You are walking along the streets of Aleppo, the beloved city you once called home, to bid a final farewell before it is engulfed in a brutal civil war that will reduce it to dust and ruin.
Suddenly, you are on the ground. Something has knocked the breath out of your chest, leaving you gasping for air. Trapped in a cloud of smoke, you can't see. Your ears are ringing, and you can barely make out nearby muffled screams.
You try to get up, but your legs fail you. You try to push yourself off the ground but can't. Then the horror of what's happened sinks in.
Blood is pouring from your lower limbs. Your legs are gone, blown off by an airstrike.
There was no warning. Shock and disbelief followed by anger boil inside you, a flood of emotions too strong to comprehend.
What you've read so far is not some attempt at writing a novel. Unfortunately, it's a true story – and only one of the thousands like it. This is not some sob story or a tragedy told to inspire pity. This is a story of courage, strength and passion. This is the story of Fouad Asil – a brilliant young engineer who chose not to give up on life and decided to use his passion and knowledge for the betterment of humankind.
Let's rewind a few years before life burdened Asil with this test.
Asil was a smart, hardworking high school student who had finished school with an impressive 99% GPA. He could have easily gone to medical school, but he chose to study electrical and electronics engineering at Aleppo University.
He stayed there for three years. In 2012, a year into the unrest in Syria, he had to take a two-year break from his studies.
After exploring other options, Asil chose to pick up his studies at Çukurova University in Adana, in southern Turkey.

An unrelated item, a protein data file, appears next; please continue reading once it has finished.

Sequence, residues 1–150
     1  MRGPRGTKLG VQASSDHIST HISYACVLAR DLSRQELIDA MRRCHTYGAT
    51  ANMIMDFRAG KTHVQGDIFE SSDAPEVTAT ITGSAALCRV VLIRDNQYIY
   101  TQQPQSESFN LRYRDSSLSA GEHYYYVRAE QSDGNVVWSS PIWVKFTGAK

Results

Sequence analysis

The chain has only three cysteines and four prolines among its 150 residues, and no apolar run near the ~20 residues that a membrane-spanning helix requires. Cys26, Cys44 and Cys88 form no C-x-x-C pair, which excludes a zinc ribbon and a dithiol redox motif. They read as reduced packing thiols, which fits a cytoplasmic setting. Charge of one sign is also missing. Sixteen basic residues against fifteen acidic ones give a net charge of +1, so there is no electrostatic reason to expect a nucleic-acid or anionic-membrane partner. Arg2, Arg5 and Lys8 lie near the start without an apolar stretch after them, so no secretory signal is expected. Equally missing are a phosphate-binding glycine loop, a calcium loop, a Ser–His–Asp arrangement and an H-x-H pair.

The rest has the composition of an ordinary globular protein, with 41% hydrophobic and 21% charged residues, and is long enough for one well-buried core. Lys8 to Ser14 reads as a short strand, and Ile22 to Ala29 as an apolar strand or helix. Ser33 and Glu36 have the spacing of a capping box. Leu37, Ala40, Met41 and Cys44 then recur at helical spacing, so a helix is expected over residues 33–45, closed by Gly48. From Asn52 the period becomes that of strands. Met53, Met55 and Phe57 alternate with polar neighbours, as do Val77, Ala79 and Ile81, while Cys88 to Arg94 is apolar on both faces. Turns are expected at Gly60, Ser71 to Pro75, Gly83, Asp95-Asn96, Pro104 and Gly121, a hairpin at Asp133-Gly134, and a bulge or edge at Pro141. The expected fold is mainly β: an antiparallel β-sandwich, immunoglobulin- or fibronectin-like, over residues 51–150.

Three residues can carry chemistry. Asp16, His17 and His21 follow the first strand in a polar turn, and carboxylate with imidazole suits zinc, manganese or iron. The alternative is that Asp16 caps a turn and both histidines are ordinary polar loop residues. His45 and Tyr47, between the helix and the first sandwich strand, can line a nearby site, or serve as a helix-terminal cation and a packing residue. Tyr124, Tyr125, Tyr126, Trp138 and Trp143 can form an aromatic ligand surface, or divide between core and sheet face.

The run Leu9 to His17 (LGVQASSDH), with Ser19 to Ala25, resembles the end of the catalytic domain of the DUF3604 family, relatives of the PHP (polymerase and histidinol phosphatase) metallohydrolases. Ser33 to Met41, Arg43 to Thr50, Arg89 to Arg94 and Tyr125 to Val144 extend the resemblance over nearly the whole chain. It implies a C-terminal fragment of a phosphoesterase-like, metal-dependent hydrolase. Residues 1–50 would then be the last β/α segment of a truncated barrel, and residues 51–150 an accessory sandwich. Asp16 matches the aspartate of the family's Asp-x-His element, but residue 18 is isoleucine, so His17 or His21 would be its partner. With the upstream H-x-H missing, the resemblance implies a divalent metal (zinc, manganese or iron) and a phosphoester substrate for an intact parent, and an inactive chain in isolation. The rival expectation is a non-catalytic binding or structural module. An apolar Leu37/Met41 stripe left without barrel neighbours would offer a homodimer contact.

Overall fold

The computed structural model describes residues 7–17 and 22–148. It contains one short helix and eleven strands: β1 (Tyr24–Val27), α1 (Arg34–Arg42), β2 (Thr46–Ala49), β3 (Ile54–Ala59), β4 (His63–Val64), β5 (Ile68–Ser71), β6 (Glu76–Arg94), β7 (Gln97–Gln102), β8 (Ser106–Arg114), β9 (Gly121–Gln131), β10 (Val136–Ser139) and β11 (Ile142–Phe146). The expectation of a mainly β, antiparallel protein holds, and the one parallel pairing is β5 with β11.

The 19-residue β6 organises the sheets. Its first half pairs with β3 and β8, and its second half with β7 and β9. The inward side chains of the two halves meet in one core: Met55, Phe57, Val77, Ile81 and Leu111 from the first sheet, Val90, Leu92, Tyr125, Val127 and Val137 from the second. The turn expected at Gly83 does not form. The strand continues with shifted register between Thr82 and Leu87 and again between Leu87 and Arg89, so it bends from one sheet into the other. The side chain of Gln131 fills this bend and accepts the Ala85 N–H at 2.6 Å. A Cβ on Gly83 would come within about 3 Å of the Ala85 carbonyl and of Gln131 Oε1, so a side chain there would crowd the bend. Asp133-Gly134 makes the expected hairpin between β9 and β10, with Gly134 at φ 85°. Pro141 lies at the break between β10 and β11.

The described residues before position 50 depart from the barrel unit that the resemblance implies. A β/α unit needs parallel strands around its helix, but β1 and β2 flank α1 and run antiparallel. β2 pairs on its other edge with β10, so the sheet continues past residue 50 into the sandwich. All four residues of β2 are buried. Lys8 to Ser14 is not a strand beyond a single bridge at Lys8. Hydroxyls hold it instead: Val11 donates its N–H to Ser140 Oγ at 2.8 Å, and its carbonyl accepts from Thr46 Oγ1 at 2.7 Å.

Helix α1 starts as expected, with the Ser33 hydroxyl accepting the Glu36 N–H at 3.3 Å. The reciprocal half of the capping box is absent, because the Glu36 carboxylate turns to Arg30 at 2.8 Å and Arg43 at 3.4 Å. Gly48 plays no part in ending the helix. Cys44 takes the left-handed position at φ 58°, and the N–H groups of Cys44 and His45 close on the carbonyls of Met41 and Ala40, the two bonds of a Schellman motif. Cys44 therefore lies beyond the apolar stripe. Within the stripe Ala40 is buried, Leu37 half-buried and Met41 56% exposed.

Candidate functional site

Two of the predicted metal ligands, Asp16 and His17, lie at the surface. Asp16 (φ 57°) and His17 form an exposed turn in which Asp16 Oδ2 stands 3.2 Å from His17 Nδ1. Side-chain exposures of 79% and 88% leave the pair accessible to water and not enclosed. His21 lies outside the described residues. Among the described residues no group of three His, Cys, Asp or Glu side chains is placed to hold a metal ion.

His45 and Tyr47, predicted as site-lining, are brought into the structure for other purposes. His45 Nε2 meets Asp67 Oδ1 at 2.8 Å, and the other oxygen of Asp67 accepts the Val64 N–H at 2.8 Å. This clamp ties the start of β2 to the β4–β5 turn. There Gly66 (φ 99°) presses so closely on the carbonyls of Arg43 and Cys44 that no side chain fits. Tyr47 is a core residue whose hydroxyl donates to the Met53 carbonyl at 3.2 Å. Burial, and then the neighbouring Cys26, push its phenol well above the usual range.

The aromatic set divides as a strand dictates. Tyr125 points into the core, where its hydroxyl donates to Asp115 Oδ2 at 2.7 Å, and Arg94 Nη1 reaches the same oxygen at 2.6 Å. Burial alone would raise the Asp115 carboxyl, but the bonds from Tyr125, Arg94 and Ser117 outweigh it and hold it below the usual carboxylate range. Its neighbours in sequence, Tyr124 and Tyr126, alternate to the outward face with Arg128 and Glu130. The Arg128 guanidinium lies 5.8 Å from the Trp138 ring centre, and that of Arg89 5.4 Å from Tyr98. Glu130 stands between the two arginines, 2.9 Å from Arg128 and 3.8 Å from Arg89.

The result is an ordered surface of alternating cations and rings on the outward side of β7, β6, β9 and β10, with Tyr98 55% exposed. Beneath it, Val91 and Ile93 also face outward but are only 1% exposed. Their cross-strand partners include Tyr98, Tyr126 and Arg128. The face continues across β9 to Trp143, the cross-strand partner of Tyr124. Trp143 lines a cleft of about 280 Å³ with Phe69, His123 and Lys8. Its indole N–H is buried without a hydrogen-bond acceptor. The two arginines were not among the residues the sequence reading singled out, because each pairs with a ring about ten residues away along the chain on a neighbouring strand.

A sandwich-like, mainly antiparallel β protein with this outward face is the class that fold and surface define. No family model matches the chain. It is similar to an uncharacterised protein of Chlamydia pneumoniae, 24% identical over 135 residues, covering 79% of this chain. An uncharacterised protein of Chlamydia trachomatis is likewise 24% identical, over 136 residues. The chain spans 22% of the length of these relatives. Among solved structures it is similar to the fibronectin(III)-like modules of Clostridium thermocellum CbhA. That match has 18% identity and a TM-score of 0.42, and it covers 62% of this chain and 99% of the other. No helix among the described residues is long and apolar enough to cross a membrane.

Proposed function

One semester before graduation, in February 2016, Asil decided to pay a visit to his home country. His last visit to Aleppo changed his life.
Asil was rushed to Turkey by ambulance for immediate treatment.
Despite doctors' interventions, Asil's legs could not be saved. Both of his legs were amputated above the knee. At first, he couldn't even use a wheelchair and was bedridden for two months. He grappled several serious infections but was eventually cleared to go home.
Most people would have given up then, but Asil didn't want this event to define his life. He went back to university, where he was welcomed with open arms by all of his friends and professors who did everything they could to help him. They installed ramps and lifts around campus so Asil could get around with his wheelchair and finish his last semester before graduating. Asil said he would forever be indebted to his professor Mustafa Gök, who made sure he didn't give up and motivated him through the worst days.
Asil's task was a tough one, but he managed to graduate one semester later than his friends.
"That last semester I was fitted with these bionic prosthetics," he said pointing to his "robot" half.
"Yes, I could finally walk again, but it wasn't easy. Thanks to my father and his contacts, he was able to collect enough money to buy them," Asil said.
At the time the U.S. dollar-Turkish lira exchange rate was around the three-point mark, which made the grand total about TL 100,000 – definitely not a sum an ordinary citizen could pay.
Now another challenge awaited him: he had to learn how to use his limbs again.
According to his therapist, he broke a walking record, learning how to walk again in just 10 days.
Asil was overjoyed. He said his engineering background helped him understand how limbs and joints needed to move to imitate walking.
"It's not like how everyone else walks. You have to give commands to the knee. I knew how to design these things, and I believe this was tremendous in my fast learning process," Asil explained.
"That feeling of being able to walk again ... I don't know how to describe it – it was like flying again," he said, the happiness evident in his shining eyes.
Then he made a decision – one that would shape the rest of his studies and his life in Turkey.
"I wanted to help other people like me, to help them use this. I saw a lot of people in my situation who were in wheelchairs or using ordinary mechanical prosthetics. They were not enough. They could not fly as I do," Asil said.